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I have two modules in application. Module1 owns and builds boost::geometry::index::rtree. Module2 makes queries to Module1, which are passed to RTree. Now I want to speed up and have several Module2 instances, which make queries to one Module1 instance, and work separately. I am 100% sure, that while any Module2 working RTree does not change.

I've found this question: Can I use Boost.Geometry.index.rtree with threads?, but it describes more complicated case, when rtree is modified and queried from different threads. And this answer is ambiguous: "No boost Rtree is not thread-safe in any way" is stated in answer. But in comments it is stated: "It is safe to do queries, and it even possible to create workaround for creation". What is right answer? Are there any resources, except ask direct question to boost authors, to find out?

Tl;dr:

Is it safe to make queries to boost::geometry::index::rtree from different threads, if I am 100% sure, that no thread modifies RTree?

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    The answer to your question seems to be contained in the answer to the question you linked (right at the bottom). – Rostislav Sep 23 '15 at 12:28
  • possible duplicate of Can I use Boost.Geometry.index.rtree with threads? – erasmortg Sep 23 '15 at 12:41
  • @Rostislav In answer to linked question: "No boost Rtree is not thread-safe in any way". But in comments: "It is safe to do queries, and it even possible to create workaround for creation". Who is right? – DoctorMoisha Sep 23 '15 at 12:47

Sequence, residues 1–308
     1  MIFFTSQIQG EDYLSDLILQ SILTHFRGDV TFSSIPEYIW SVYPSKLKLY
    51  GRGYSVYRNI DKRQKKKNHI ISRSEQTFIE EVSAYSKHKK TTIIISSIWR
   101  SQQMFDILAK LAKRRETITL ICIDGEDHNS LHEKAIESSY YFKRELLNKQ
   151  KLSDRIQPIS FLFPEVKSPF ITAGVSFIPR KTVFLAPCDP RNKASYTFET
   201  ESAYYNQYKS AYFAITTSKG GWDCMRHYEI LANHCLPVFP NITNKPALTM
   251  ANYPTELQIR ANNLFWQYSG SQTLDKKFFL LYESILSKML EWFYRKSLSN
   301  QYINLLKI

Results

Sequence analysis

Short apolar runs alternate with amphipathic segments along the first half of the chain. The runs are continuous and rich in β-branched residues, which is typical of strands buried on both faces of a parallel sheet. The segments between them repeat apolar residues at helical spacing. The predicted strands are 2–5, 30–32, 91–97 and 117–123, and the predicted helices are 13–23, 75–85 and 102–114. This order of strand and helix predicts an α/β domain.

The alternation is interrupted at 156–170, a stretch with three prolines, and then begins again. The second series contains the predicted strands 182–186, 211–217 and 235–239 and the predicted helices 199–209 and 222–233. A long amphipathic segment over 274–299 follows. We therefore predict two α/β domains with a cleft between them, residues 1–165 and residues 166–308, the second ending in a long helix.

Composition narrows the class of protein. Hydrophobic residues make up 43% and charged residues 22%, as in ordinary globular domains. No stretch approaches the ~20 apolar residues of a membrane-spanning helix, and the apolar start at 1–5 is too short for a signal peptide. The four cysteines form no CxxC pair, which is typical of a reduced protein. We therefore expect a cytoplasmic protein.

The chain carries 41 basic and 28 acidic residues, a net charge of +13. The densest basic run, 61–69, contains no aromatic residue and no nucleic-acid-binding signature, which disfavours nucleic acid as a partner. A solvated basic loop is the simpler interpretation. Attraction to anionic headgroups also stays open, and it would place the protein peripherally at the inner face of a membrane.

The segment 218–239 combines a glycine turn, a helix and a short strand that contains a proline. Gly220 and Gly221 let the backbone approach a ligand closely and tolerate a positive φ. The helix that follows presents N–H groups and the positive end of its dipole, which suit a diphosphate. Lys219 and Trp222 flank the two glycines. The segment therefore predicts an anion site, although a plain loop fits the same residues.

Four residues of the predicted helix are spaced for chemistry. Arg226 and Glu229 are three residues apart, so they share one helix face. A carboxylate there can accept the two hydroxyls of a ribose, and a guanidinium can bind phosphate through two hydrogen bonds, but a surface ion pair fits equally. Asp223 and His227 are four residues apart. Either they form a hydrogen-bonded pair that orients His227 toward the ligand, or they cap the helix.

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In answer to linked question: "No boost Rtree is not thread-safe in any way". But in comments: "It is safe to do queries, and it even possible to create workaround for creation". Who is right?

There is no contradiction. Adam is the author. Everyone is right. Note that the answer also said

You /can/ run multiple read-only operations in parallel. Usually, library containers are safe to use from multiple threads for read-only operations (although you might want to do a quick scan for any mutable members hidden (in the implementation).

In general, as long as the bitwise representation doesn't mutate, everything is safe for concurrent access. This is regardless of library support.

Note that you don't need that "quick scan" as it happens, because of the authoritative comment by Adam Wulkiewicz.


Footnote: that still doesn't make the library thread safe. That is simply true because the memory model of C++ is free of data races with bitwise constant data.

  • Usually, library containers are safe I really don't like that usually. SomeContainer::get in fact can rearrange container, or it can use some internal class variable and read/write it's state. For example ISO CPP 11 states, that std::vector concurrent reads must be thread-safe, so okay, I can rely on it. On what information can I rely regarding boost RTree? – DoctorMoisha Sep 23 '15 at 14:08
  • Would you like me to repeat what I said? If that's not good enough, you should file a request at the developer list, maybe. (Re.: "Usually" - I qualifed precisely what conditions apply and why you can rely on it for rtree.) – sehe Sep 23 '15 at 14:10
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    Sorry, I've reread answer and decided to google Adam Wulkiewicz, who seems to be contributor to boost::geometry. So it is guarantee, that I expected. – DoctorMoisha Sep 23 '15 at 14:15
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This doesn't seem to be the full question. What I'm reading is in two parts. The first part should be "I want to optimise my program. How should I go about doing that?"

You should use a profiler to take measurements before the optimisation! You might notice in the process that there are more significant optimisations available to you, and those might be pushed out of the window of possibility if you introduce multithreading prematurely.